Zoom feat

This is the Cloud Infrastructure that Helped Zoom Handle Millions of New Users

Zoom feat

Video conferencing app, Zoom was founded back in 2011. Now, personally speaking, prior to the Coronavirus days, I did not hear much of Zoom’s mention anywhere, anytime. After the Coronavirus-led global lockdown led a major number of population to work from home, Zoom started to rise, becoming one of the most popular video-conferencing apps in the market, gaining over 300 million active users. Now, the tech which enables the small startup, which had only 10 million daily users, handle over 300 million daily users is “Cloud Infrastructure”.

Since Zoom started to gain popularity in the market, millions of unique new users came to the platform. So, to handle all these new traffic on the platform, Zoom needed an efficient cloud infrastructure. Now, whenever we (the nerds) hear cloud infrastructure, we think of Amazon Web Services (AWS) or Microsoft Azure. However, Zoom is using Oracle’s cloud infrastructure to carry on its video conferencing services.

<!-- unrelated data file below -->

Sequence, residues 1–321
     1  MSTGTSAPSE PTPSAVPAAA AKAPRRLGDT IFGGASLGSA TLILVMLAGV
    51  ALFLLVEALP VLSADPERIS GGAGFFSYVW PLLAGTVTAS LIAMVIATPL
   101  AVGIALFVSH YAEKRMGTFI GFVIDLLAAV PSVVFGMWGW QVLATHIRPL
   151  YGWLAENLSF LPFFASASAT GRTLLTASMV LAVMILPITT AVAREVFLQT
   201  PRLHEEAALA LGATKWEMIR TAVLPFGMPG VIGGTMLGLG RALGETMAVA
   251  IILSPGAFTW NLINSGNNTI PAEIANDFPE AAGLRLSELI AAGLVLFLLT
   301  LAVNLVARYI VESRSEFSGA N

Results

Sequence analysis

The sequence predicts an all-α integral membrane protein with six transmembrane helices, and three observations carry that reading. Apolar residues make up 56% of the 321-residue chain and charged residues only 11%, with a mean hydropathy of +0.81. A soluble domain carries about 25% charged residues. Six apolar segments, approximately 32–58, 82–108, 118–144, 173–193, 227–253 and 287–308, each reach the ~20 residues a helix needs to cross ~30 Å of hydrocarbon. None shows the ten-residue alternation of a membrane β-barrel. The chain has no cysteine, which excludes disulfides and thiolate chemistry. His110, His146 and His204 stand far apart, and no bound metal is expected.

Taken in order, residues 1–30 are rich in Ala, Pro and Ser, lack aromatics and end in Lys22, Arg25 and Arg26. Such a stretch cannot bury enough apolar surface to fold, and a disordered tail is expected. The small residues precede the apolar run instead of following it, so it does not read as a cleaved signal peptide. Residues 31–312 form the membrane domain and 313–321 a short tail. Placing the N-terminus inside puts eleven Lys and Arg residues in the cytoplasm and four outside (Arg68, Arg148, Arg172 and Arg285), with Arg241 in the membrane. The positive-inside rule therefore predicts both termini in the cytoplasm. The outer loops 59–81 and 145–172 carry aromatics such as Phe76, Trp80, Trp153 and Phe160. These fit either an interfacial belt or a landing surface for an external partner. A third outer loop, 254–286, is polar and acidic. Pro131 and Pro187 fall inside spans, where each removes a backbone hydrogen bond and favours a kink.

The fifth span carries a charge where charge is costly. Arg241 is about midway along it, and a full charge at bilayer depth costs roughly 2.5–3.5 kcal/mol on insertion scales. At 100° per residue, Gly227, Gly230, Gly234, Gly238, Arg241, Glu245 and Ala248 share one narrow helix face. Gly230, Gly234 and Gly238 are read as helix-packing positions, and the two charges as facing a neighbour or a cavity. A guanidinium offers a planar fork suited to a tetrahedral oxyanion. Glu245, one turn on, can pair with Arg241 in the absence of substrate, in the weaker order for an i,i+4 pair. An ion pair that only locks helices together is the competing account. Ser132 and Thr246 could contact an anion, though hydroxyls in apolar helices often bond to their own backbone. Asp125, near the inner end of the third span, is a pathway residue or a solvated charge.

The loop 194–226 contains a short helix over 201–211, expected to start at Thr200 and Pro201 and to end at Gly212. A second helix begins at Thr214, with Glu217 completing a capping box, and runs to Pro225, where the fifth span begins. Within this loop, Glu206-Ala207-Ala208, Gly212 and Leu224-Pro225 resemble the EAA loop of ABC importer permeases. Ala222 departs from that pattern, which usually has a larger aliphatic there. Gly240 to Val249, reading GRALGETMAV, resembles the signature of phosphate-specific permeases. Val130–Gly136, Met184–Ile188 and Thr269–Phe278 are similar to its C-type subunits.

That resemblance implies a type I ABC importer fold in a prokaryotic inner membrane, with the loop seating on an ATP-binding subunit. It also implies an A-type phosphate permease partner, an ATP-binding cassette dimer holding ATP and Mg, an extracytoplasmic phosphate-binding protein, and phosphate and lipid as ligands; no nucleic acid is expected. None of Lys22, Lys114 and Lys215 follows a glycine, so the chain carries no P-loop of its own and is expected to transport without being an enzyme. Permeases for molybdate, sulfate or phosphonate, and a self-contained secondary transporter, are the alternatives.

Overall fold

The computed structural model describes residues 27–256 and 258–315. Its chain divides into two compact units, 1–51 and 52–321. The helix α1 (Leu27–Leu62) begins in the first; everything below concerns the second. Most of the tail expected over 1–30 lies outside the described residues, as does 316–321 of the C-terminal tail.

As per a new press released by Oracle, the cloud infrastructure of the company has “supported hundreds of thousands of concurrent Zoom meeting participants.“. 

“Video communications has become an essential part of our professional and personal lives, and Zoom has led this industry’s innovation. We are proud to work with Zoom, as both their cloud infrastructure provider and as a customer, while they grow and continue to connect businesses, people and governments around the world.”, said Safia Catz, CEO of Oracle.

According to reports, Zoom chose Oracle’s cloud services because of the company’s reliability, scalability and security. Well, sure about the first two criteria, however, security is suffering for the numerous controversies.

Now, after publishing an article on the topic, MSPoweruser.com received a message from AWS claiming that before Oracle’s cloud infrastructure, Zoom used AWS cloud services and even now, it continues to use the AWS cloud infrastructure for the majority of its calls.


  1. This seems like clickbait, Beebom. You mentioned only the name of the cloud provider, not the cloud architecture which I was expecting from the title. If you find it, please share the architecture of their services.

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